Wednesday, July 26, 2017

Innovation or Return?

I recently had the pleasure of attending a service at an ACNA parish and heard a sermon that was so far removed from what my Episcopalian ears were accustomed to hearing that I kept wondering what would happen if this preacher was to give the same sermon in front of a group of Episcopalians.

Let me summarize his points:
  • The Reformation was a "return" and not an "innovation". 
  • The primacy of Scripture in the Anglican tradition.
  • The roles of tradition and reason in Anglicanism (not the same as the three legged stool Episcopalians teach).
  • Innovation is not derived from Scripture or tradition but from (flawed) human reason.
  • One should apply Scripture, tradition, and reason in that order to answer the question, "Is this an innovation or is it a return?" 
He then proceeded to give us a few examples of ancient and old issues the Church has faced.

Can you guess which examples would have caused an audience of Episcopalians to rend their clothes?

Yep, divorce, cohabitation, same-sex blessings, transgender liturgies, etc. Which were all correctly identified as innovations contrary to scripture and tradition.

The ACNA congregation nodded in agreement.

A congregation of Episcopalians would have turned into,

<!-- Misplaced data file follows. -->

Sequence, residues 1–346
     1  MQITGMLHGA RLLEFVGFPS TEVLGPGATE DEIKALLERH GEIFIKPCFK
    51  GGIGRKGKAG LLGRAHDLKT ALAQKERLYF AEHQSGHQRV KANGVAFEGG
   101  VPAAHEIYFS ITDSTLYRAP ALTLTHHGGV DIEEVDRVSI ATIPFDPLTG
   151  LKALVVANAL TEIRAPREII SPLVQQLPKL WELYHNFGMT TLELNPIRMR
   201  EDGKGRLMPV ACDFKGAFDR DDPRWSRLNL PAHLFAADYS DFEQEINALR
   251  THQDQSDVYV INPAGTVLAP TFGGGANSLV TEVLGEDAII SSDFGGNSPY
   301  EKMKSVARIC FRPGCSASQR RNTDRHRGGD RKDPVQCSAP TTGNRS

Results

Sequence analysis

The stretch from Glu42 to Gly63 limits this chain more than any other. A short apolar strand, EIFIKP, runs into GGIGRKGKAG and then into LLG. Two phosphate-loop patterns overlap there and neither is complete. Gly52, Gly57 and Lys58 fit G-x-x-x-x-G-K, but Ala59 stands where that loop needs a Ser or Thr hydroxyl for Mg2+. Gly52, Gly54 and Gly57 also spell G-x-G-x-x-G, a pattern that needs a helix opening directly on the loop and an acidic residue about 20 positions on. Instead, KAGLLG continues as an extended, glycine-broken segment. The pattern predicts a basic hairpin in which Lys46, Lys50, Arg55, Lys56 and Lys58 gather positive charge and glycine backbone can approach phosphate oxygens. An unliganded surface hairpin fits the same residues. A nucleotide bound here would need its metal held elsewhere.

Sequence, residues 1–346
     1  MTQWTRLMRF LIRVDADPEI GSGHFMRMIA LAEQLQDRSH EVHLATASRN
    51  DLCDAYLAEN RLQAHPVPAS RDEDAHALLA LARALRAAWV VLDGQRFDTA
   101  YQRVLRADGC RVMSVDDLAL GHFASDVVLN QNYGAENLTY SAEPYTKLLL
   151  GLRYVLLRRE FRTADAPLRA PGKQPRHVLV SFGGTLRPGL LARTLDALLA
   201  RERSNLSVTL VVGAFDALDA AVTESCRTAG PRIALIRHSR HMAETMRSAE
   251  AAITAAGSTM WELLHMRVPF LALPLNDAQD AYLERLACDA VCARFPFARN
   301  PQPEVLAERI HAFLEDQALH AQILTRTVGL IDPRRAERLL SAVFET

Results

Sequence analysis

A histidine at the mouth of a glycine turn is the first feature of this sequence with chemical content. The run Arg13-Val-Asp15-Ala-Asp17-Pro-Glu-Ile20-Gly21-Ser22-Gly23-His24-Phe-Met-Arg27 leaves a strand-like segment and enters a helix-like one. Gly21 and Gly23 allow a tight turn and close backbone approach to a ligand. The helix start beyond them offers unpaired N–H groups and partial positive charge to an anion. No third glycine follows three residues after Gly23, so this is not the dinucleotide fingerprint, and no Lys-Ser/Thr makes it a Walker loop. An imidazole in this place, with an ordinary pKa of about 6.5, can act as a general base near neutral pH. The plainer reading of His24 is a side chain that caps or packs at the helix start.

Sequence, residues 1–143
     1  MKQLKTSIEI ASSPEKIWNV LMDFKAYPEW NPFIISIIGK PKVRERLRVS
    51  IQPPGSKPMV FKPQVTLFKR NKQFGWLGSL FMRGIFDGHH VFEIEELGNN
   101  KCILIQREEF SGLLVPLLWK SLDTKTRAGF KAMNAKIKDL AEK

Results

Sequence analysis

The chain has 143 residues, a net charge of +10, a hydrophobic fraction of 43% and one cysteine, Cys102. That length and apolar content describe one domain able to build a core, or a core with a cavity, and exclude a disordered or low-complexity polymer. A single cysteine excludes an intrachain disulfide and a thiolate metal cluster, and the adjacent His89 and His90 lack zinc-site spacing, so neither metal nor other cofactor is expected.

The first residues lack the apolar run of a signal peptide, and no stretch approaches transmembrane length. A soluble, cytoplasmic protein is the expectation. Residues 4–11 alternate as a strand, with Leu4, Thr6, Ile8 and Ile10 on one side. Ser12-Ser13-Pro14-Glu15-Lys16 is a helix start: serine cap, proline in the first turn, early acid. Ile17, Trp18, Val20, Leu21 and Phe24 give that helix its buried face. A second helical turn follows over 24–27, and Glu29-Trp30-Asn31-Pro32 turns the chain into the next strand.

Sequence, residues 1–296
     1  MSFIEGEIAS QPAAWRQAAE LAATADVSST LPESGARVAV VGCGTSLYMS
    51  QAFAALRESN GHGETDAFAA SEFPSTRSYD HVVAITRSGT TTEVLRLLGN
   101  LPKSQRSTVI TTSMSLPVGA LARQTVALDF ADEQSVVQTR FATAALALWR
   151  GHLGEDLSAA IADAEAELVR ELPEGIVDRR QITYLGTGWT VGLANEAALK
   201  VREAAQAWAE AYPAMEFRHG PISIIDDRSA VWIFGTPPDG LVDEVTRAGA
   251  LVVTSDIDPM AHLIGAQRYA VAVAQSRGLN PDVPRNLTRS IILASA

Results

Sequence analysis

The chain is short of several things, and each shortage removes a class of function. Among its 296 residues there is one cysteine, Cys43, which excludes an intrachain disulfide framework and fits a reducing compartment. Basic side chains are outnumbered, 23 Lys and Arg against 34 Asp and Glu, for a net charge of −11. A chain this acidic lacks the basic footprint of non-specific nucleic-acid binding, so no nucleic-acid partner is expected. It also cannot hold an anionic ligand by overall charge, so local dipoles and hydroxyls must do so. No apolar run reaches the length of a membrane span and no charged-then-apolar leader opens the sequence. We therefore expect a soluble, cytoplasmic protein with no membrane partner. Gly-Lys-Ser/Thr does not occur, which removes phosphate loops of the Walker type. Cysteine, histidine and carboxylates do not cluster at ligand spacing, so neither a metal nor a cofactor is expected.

Or maybe not. A crowd of Episcopalian clergy certainly would have been irate, but a crowd of pewsitters just might have had their ears opened.

Just imagine what effect a steady diet of correct information might have on the Episcopal congo.

Ah, tis but a flight of fancy I know.

But, just imagine...


  1. Pewster,
    A price had to be paid for many congregations to allow this kind of preaching to continue. Our church was a cathedral church and the first Episcopal church established in Fresno County CA. We have been taken in and temporarily housed in a Baptist Church and are still looking for a place to rent/buy. Pray for us.

    1. Indeed. Dissenting parishes (of which there are probably fewer and fewer in TEc) have a price to pay when they vote to leave. I think it is a price worth paying because the Episcopal organization is so deeply infected with revisionist thinking that I don't think it can be salvaged. Yet, people still come and sit in the pews and soak it in. I suspect that Biblical illiteracy is a large reason why people stay. (see my earlier post on a "hypothetical" rector search committee )

  2. Who are you going to believe, revisionist preachers or the evidence of your own eyes? When the revisionist says that the created order which is obvious to any observer is irrelevant, he denies science, Scripture, Tradition, and common sense.

  3. To your preacher's point, we don't need to do everything exactly the way Christians did in the early centuries, but we need to have good reasons when we don't. As to matters which are quite clear in the preaching of the Apostles, what good reasons could possibly contradict the teachings of God incarnate and those who knew Him?

    1. I think he was saying that the Reformation was a needed correction and a return in that the accretions of past innovations were cast off. Revisionist churches are piling on novel accretions of erroneous practices which we reject.